Mon Dec 10, 2012, 06:28 PM
KoKo (73,208 posts)
Obama Writing "Rules" for Killing People with Drones
Last edited Mon Dec 10, 2012, 07:23 PM - Edit history (2)
December 9, 2012
Obama Writing "Rules" for Killing People with Drones
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PAUL JAY, SENIOR EDITOR, TRNN: Welcome to The Real News Network. I'm Paul Jay in Baltimore. And welcome to this week's edition of The Ratner Report with Michael Ratner.
Michael is president emeritus of the Center for Constitutional Rights in New York. He's chair of the European Center for Constitutional and Human Rights in Berlin. He's a board member of The Real News Network. Thanks for joining us, Michael.
MICHEAL RATNER, PRESIDENT EMERITUS, CENTER FOR CONSTITUTIONAL RIGHTS:
Good to be with you again, Paul.JAY: What are you following this week? RATNER: Well, you know, we've been following at the Center for Constitution Rights for a long time the issue of drone killings by the U.S. administration. That's targeted killings that are done by drones.The Center brought the first cases a year or two ago on trying to stop the drone killings of American citizens in Yemen, particularly Anwar al-Aulaqi, who was a American-citizen cleric who was preaching a lot of very, very tough stuff. We were unsuccessful, and the administration killed him with a drone. They then went on and they killed his son a few weeks later. His son is Abdulrahman al-Aulaqi. His son is completely innocent of anything, not even a bad speech, 16 years old.
And we now represent the grandfather, Nasser al-Aulaqi, on behalf of his son Anwar and on behalf of his grandson, who were killed by drones. Why it's come to the fore all of a sudden is last week the Obama administration—you know, they leak these things when they want to leak them, but they leak the fact that they were debating writing the rules for how they should kill people with drones. It all seems very bizarre. The excuse was that they were getting rules in place just in case a new administration took over that wasn't theirs and they wanted to have a set of rules for how you kill people with drones. And so that's what they're debating. The context of the debate is crazy. The context is: should we just kill people who really want to have their finger on the button and are about to bomb the United States? Or do we want to help out in some of these local civil wars in various countries? Do we want to just kill militants?
What should we do? The real problem is—lots of problems, but one is there's already a set of rules (and that's called international law) that tells you who you can't and can kill. And the administration has gone way beyond those rules since the Bush era, but under Obama it's taken on a particularly nasty turn. He's used, like, scores more drones than the Bush administration used. The estimates are that 2,500 people have been killed by drones, of which perhaps 800 are civilians, more or less. But even of the group that are supposedly not civilians, the definition of who can be killed is very loose. It's very loose in a couple of ways that make it illegal. One is they're using drones outside of any war zone. They're using them in Yemen. They're using them in Somalia. They're using them in Pakistan. The second reason is they're using what are called signature strikes. A signature strike is one in which they don't actually know the name of the person they're going to assassinate or kill, but the person is in the vicinity of other, quote, "militants", and therefore they think that person has the characteristic of a militant or a terrorist, whatever word they use (and we don't know, 'cause the rules are secret), and they decide they're going to kill him. So you're talking about a set of policies and practices that are already utterly violative of international law, and now they're going to try and come up with some kind of rules that are still going to be violative of international law. We have rules, they're there for a reason in international law, and it's to stop exactly what the administration is doing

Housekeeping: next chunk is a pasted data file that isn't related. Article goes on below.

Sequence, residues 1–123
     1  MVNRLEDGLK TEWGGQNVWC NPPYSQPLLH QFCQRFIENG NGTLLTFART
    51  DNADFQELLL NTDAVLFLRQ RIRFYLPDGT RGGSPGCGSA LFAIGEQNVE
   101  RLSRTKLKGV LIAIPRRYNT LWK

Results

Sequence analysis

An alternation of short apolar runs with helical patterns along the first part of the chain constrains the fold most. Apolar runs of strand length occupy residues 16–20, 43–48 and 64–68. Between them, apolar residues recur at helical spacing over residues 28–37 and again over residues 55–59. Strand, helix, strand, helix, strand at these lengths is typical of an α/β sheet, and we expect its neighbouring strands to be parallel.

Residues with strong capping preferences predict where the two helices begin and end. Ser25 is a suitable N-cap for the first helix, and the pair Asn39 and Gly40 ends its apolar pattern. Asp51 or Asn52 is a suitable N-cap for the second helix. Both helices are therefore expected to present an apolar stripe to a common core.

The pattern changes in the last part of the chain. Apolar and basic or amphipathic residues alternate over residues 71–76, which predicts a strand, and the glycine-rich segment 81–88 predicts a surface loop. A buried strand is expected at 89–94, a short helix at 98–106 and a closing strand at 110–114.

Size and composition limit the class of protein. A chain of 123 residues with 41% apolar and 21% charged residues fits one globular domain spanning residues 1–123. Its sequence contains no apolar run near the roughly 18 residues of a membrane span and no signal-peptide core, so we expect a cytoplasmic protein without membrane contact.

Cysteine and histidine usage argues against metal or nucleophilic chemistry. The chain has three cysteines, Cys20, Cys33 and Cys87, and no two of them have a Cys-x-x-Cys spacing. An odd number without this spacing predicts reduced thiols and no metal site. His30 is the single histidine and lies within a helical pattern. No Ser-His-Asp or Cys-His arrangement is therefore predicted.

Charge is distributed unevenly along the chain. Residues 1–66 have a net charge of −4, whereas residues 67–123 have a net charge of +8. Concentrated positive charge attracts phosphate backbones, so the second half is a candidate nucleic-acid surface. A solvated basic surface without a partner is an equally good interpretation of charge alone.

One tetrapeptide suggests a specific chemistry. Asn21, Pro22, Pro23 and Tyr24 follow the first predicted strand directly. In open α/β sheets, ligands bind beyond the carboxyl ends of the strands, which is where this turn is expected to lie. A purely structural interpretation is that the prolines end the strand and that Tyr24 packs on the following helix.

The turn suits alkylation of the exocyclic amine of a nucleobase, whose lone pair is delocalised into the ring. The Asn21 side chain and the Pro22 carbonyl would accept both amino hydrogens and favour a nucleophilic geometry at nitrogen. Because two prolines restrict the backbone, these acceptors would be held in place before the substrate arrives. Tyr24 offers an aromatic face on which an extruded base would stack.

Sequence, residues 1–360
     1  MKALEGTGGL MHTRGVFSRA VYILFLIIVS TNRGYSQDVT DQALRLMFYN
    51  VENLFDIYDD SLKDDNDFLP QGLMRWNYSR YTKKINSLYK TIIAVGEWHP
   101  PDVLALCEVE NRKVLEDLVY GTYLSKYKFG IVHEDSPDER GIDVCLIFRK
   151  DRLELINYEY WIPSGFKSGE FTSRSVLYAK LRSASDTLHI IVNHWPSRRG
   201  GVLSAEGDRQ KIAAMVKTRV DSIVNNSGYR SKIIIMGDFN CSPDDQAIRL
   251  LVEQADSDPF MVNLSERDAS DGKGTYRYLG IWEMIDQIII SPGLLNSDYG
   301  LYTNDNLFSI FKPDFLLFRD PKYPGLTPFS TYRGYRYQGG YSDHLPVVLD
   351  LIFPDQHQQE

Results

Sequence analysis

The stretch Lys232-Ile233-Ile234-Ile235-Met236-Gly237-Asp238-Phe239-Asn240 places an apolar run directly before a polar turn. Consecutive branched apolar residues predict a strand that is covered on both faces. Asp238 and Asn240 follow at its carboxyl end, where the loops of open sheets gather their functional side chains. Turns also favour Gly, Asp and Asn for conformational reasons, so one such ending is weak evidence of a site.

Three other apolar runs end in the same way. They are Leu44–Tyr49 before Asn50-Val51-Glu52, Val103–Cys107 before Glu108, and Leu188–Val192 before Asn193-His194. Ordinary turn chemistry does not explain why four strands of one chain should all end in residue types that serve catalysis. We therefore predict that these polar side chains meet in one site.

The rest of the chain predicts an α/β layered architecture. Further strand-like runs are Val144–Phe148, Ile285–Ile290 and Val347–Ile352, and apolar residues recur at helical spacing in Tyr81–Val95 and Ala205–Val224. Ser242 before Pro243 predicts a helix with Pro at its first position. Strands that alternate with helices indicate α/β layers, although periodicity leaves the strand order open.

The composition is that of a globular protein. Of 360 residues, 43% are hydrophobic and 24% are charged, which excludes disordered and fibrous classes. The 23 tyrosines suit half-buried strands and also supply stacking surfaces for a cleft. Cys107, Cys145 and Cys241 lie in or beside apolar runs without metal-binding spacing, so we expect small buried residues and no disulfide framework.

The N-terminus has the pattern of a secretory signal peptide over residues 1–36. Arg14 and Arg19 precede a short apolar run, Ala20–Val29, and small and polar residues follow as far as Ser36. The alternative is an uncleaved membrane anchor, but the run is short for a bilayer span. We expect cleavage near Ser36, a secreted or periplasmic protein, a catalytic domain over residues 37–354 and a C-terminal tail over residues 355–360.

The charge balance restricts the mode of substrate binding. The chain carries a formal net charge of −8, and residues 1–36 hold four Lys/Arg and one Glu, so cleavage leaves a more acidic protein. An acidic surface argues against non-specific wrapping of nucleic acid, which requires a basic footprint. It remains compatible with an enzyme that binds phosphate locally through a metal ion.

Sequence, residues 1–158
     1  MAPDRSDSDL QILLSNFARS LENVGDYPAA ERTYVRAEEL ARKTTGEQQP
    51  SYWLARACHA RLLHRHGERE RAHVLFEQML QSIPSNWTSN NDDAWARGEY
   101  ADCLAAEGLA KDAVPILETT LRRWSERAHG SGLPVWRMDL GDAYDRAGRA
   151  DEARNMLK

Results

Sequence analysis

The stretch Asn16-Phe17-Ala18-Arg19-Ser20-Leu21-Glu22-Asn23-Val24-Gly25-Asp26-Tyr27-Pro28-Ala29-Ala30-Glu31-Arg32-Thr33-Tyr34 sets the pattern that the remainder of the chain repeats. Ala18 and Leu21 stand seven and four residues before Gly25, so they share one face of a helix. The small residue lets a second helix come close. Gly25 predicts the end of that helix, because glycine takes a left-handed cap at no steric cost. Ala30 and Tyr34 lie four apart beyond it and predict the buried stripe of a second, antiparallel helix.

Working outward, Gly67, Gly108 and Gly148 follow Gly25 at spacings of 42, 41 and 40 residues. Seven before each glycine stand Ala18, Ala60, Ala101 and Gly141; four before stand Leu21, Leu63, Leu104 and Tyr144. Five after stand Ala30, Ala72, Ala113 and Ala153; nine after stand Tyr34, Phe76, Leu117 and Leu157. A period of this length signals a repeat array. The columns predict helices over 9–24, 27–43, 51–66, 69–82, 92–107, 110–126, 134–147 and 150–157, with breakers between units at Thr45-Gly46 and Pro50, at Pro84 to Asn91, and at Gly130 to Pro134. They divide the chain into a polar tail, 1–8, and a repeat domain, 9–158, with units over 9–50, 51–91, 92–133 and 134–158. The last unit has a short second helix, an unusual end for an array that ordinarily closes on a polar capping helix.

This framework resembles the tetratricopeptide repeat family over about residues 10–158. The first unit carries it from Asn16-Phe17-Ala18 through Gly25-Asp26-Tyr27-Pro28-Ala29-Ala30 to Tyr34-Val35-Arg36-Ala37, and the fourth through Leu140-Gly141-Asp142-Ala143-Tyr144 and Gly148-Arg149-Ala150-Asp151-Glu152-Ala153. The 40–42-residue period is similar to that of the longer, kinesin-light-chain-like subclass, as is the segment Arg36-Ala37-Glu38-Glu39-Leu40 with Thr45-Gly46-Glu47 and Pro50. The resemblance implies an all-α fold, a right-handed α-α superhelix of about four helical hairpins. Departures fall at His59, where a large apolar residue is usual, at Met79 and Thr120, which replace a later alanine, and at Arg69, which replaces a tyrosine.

JAY: Now, if it's a violation of international law and in theory these are laws that the United States has ratified, then doesn't that make it a violation of American law?RATNER: It does, actually. That's correct. These international treaties do make it a violation of American law. And we actually have two lawsuits going. We had the initial lawsuit going to try and stop the killing of Anwar al-Aulaqi. We lost that case, not on the merits; we lost it for, I think, a very foolish reason. I mean, the judge took it seriously. We argued it for two hours in court. And the judge said in the end, well, this is a decision that has to be made by the politicians, the political branches, the president and Congress. Of course, Congress has never said anything, but I'm not sure we want them to say anything, considering who they are. And it's not for a court. But if it's not for a court to decide whether the U.S. can murder, in these cases that we brought, American citizens, then who's it for? What our arguments were is that particularly as American citizens—but I think it applies to anybody who's going to be murdered by a drone—is that you have to have a level of due process. You can't just have the president on his own deciding that anyone anywhere in the world can be murdered by a drone. Yesterday it was Pakistan or Yemen or Somalia, Afghanistan. Tomorrow it could be London, it could be Buenos Aires, it could be somewhere else. There's no limits to what the president can do.
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